1988). The degree of inter-SSD is believed to increase when males are the larger sex and decrease when females are the larger sex (Rensch’s rule: (Rensch 1959; Fairbairn 1997).

Female-biased SSD is the common pattern among invertebrates and cold-blooded vertebrates, whereas males are the larger sex in most birds and mammals (Andersson 1994a; Abouheif & Fairbairn 1997). In cold-blooded organisms, clutch size and, in some instances also egg or offspring size, increase with the body size of females (Shine 1988; Roff 1992; Stearns 1992; Preziosi et al. 1996). This strong selection for fecundity in females is therefore a likely reason why female invertebrates and cold-blooded vertebrates attain larger body sizes than males (Ghiselin 1974; Salthe & Mecham 1974; Andersson 1994b; Legrand & Morse 2000). In warm-blooded species, it has been suggested that fecundity selection may not be as strong. This is because larger females do not necessarily produce more offspring, although these tend to be better quality offspring (Cluttonbrock et al. 1982, 1988). By contrast, male size is affected by sexual selection where larger sized males tend to have a reproductive advantage in obtaining mates in female-choice strategies or male-male competitions (Andersson 1994b). This has been found to be the case in most animal taxa ranging from insects (e.g. Blanckenhorn 2007) and spiders (Legrand & Morse 2000) to higher vertebrates (cf. Fairbairn et al. 2007).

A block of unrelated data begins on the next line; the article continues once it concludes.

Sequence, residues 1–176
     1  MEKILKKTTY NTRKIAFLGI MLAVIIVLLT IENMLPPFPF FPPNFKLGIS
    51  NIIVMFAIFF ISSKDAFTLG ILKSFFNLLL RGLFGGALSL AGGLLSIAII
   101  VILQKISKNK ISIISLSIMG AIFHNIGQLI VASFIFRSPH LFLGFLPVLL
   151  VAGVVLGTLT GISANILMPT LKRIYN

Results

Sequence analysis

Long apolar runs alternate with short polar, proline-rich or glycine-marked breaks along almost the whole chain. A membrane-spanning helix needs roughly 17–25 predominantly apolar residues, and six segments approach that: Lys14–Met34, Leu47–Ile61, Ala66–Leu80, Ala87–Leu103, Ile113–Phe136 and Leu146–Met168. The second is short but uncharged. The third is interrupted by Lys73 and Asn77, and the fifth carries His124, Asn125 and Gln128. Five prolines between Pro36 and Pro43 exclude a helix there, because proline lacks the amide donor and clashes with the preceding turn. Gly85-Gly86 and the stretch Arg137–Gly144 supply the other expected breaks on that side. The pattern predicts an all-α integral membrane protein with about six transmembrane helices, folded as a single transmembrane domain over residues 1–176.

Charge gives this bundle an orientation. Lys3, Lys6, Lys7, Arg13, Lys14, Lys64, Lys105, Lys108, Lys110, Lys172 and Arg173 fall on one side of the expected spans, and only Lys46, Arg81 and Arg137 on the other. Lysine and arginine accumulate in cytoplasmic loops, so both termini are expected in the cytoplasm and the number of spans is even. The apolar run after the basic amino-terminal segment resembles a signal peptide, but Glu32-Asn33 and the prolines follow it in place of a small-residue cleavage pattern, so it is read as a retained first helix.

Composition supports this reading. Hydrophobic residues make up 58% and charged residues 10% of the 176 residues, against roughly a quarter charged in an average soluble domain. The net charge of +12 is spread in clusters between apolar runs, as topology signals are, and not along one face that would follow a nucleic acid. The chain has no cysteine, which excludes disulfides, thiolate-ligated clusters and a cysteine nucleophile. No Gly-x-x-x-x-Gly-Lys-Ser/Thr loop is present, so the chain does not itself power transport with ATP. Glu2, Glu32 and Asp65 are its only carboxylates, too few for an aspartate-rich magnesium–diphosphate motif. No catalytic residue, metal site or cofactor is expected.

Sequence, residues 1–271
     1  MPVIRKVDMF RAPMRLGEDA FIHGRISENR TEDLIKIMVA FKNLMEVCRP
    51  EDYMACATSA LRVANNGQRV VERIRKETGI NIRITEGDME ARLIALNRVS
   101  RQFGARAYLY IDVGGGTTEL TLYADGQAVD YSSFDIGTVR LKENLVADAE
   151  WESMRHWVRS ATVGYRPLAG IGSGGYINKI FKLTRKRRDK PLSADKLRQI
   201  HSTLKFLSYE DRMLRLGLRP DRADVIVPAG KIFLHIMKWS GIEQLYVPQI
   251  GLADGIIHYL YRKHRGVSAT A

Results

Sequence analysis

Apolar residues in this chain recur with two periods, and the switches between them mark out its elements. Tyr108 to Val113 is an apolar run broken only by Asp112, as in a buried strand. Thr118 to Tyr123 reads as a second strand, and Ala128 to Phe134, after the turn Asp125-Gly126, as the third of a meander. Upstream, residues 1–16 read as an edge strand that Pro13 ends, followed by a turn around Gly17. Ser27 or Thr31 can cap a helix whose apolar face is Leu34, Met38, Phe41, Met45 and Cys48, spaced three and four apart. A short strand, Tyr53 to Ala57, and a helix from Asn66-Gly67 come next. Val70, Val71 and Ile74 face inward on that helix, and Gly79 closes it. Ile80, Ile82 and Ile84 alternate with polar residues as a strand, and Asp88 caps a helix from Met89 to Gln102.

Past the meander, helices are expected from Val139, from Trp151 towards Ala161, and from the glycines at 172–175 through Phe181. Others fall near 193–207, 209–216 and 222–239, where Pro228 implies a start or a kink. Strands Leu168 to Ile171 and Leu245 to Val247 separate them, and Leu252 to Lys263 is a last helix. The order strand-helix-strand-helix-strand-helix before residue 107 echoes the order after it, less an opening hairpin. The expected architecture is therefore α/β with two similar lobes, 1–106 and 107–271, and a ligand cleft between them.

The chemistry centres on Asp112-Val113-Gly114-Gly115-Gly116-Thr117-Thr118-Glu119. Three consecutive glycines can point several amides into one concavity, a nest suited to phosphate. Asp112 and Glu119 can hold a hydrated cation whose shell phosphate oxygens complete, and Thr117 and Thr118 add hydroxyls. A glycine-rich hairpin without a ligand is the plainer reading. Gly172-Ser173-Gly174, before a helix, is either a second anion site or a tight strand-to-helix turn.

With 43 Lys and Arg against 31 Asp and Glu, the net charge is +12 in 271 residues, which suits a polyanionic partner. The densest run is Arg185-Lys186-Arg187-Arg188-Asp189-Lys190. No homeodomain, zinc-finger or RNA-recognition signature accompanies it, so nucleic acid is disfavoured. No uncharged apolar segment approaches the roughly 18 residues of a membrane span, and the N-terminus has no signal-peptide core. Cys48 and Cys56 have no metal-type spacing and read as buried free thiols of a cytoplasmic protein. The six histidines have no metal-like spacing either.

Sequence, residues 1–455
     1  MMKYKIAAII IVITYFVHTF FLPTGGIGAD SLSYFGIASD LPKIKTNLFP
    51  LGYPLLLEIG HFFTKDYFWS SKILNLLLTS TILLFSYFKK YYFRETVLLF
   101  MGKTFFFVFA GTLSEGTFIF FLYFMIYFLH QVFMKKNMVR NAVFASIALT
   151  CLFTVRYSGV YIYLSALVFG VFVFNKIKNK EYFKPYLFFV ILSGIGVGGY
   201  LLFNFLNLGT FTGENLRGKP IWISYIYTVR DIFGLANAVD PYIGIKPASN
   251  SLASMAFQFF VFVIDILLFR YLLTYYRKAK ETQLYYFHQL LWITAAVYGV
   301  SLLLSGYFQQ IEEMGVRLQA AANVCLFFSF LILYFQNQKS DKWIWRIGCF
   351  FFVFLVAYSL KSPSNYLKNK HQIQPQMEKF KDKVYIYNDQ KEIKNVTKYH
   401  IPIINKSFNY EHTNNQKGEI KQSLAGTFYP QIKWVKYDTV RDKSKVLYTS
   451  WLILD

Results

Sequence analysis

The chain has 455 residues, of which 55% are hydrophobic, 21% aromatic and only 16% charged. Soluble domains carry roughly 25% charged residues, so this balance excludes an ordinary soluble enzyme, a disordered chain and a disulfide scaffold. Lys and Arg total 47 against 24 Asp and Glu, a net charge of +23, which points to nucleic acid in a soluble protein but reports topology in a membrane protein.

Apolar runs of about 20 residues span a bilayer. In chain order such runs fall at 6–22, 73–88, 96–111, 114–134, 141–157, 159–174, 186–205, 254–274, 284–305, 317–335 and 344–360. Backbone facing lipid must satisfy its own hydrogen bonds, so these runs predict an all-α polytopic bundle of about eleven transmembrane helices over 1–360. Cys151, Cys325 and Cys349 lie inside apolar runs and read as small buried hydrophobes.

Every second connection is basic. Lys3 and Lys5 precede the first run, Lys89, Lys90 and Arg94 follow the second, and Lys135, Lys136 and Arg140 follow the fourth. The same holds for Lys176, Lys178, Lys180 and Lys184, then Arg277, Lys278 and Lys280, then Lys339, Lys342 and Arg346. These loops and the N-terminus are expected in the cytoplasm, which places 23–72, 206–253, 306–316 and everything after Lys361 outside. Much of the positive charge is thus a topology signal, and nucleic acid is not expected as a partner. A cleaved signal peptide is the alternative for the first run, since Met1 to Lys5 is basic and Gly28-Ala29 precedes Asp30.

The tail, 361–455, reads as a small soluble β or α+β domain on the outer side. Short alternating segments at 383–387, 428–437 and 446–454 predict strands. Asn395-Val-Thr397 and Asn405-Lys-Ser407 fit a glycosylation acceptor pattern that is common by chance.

While evidence for selection favouring larger body sizes in both females and males is well-documented (e.g. Thornhill et al. 1983; Simmons 1986; Shine 1990; Schutz & Taborsky 2005; Clutton-Brock & McAuliffe 2009), the possible advantages of small body sizes are rarely mentioned (Bisazza & Marin 1995; Blanckenhorn 2000). Within males, size dimorphism is often linked to a difference in reproductive tactics, for example, large fighters and small sneakers (Taborsky 1999). The small-sized individuals have long been considered to ‘make the best of a bad job’ because they are assumed to have minimal opportunity to reproduce due to their lower ability to fight than larger individuals, thus causing reduced fitness. However, evidence for equal fitness through frequency-dependent